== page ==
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What is the Connection Between Liver Disease and Itching?

Mary McMahon
Updated Mar 03, 2024
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Liver disease and itching are closely connected; in fact, itching is a tell-tale sign of liver disease when it involves a generalized itch across the whole body, known as pruritus. Itching can also be associated with kidney failure and other systemic diseases, but when people experience this symptom, yellowing of the skin and eyes, and abdominal tenderness, liver disease is the likely culprit. There are medications available to manage the problem so patients with liver disease will feel more comfortable.

The precise mechanism behind the connection is not well understood. In healthy individuals, the liver acts as a filter, removing toxins and irritants from the bloodstream so they can be eliminated. People with liver disease cannot filter the blood efficiently, and some researchers have suggested that irritants can build up in the blood and deposit in the skin. Another sign of liver disease is blood vessel irritation leading to spidering veins just under the skin, an indicator that the vessels are inflamed because of something in the blood.

It is also possible that liver disease and itching are associated as a result of neuropathy. Irritants in the blood can damage the nerves, causing them to send confused or mixed signals to the brain. The nerves may read neutral or nonexistent sensations as itching, in which case the patient's skin is totally normal, but it still feels itchy.

The more advanced the liver disease, the more severe the itching can become. The organ becomes increasingly unable to filter effectively, and the toxins in the blood cannot be eliminated by other organs. People with liver disease can seriously injure themselves scratching as they attempt to cope with the pruritus. Some may try wearing gloves at night so they don't scratch themselves in their sleep.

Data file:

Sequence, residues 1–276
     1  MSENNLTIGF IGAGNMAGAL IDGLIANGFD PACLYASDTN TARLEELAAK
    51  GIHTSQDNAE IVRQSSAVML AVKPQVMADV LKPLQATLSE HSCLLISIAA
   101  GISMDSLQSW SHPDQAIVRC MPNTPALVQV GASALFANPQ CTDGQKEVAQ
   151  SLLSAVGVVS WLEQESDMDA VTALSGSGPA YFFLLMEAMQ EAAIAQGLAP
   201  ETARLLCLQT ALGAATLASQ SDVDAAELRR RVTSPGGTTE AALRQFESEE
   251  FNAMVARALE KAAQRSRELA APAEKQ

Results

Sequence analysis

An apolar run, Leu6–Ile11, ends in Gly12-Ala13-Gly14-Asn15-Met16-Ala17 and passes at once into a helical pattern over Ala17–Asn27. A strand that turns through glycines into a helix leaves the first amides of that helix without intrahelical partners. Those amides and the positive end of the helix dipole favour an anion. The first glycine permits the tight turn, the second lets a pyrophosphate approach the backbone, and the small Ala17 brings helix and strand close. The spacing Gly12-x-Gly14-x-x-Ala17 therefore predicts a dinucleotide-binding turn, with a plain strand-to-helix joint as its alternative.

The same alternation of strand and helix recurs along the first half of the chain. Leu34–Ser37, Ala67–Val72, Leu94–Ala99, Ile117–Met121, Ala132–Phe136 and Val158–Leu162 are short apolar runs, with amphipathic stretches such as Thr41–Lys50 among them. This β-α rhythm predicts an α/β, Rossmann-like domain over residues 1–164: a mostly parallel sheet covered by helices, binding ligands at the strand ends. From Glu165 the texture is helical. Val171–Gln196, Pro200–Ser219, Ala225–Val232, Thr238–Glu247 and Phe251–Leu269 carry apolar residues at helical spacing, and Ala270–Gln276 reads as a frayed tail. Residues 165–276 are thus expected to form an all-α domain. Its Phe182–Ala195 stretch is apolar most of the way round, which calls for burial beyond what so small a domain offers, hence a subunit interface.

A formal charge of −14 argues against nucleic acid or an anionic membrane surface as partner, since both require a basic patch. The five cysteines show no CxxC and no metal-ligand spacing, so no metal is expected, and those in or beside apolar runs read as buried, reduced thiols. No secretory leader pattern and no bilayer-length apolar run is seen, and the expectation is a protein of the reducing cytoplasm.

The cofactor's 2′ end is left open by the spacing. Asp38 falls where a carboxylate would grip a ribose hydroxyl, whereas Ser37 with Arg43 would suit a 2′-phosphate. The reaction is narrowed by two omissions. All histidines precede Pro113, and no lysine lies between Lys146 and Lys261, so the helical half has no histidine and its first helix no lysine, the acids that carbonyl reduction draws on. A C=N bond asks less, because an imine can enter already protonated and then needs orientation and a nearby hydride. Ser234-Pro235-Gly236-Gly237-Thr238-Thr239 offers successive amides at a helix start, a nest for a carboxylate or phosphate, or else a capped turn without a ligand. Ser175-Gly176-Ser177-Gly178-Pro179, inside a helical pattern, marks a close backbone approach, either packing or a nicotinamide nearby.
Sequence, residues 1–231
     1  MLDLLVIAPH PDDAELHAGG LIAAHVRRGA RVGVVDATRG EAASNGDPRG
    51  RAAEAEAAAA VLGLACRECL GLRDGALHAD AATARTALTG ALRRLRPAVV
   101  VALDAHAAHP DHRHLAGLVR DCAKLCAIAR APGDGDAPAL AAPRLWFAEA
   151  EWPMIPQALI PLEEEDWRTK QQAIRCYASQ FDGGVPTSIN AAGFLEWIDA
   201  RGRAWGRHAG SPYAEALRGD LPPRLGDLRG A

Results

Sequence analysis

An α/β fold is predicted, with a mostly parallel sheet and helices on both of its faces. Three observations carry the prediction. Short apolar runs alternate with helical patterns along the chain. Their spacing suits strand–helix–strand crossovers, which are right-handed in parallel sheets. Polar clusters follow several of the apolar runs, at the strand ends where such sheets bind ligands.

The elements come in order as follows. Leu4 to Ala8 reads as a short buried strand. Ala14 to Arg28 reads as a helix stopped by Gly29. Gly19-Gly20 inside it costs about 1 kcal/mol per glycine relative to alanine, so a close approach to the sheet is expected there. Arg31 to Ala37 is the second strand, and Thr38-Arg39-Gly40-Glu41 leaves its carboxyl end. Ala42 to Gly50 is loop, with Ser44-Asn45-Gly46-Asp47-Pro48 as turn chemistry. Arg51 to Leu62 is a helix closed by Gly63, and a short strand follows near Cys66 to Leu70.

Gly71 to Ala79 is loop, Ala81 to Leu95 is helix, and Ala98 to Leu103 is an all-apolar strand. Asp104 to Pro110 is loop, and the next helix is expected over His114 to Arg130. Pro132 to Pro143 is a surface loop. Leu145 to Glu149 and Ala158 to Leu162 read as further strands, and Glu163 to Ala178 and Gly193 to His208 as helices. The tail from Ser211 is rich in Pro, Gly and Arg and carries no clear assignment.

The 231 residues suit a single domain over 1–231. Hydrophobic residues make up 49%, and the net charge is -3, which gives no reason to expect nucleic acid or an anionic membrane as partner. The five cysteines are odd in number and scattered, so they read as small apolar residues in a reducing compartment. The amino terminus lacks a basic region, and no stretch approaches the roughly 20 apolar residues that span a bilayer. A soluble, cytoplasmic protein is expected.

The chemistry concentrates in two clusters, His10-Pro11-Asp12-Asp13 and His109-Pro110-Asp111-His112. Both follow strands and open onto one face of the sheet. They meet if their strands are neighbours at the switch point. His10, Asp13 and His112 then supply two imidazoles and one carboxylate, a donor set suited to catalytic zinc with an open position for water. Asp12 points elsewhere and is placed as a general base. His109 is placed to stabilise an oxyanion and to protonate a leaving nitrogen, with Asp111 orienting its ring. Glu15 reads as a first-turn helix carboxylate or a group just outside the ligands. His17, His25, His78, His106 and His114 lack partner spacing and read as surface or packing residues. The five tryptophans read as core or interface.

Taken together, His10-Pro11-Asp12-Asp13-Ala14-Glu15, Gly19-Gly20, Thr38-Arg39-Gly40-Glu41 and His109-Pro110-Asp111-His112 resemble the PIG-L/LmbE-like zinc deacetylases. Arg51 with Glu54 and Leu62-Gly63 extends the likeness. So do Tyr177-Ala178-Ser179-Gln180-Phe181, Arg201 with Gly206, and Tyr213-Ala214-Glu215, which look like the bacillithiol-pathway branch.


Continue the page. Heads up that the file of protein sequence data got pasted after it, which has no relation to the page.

Several things can be done to help manage itchy skin caused by liver disease. Medications can blunt the sensation, topical applications can soothe irritated skin, and patients can also try meditation and guided imagery. If the underlying liver disease can be managed, this should make the symptoms less severe, making the patient feel more comfortable and reducing the risk of complications, like infections caused by incessant scratching. Patients should be alert to changes in skin color and texture, as these may indicate a decline in liver function.

The Health Board is dedicated to providing accurate and trustworthy information. We carefully select reputable sources and employ a rigorous fact-checking process to maintain the highest standards. To learn more about our commitment to accuracy, read our editorial process.
Mary McMahon
By Mary McMahon

Ever since she began contributing to the site several years ago, Mary has embraced the exciting challenge of being a The Health Board researcher and writer. Mary has a liberal arts degree from Goddard College and spends her free time reading, cooking, and exploring the great outdoors.

Discussion Comments

By anon341012 — On Jul 07, 2013

Energy runs through your body and through specific organs throughout the night. That is why a Chinese medicine doctor suggests going to sleep at 9 p.m. and they ask you if you wake up at night to use the restroom because that tells them what organ is activated at that time. Honestly.

I played the doctor to doctor game and my doctor was clueless why I was itching. Oh, everyone has dry skin he said, and then he said his wife has that too. I laughed because it was such a dumb answer.

I fired him that day and went to a Chinese medicine doctor that day and in 15 minutes he said I had a liver pattern going on. We ran tests and he was right. He cured me in a flash.

By turquoise — On Jan 11, 2013

I understand that itching happens because of the high level of chemicals in the bloodstream. But is there an explanation for why the itching is more severe at night?

By serenesurface — On Jan 11, 2013

@ZipLine-- There are some natural topical creams that might relieve the itching and the irritation caused by liver disease and its symptoms.

But if you want something that's especially made to treat the itching associated with liver disease, it needs to be prescribed by the doctor.

I think there are several creams and powder medications that many liver disease patients use that work well. Just take your aunt to see her doctor for one. The over-the-counter stuff doesn't really work well enough.

By ZipLine — On Jan 10, 2013

My aunt has liver disease (cirrhosis) and has started experiencing a lot of itching lately. She's staying with me and she has tried topical creams but it's not enough.

Is anyone here also experiencing itching from liver disease? Have you found anything that helps with the itching? Does it need to be prescribed by her doctor?

By anon165151 — On Apr 03, 2011

really helpful and in understandable language.

Mary McMahon

Mary McMahon

Ever since she began contributing to the site several years ago, Mary has embraced the exciting challenge of being a...

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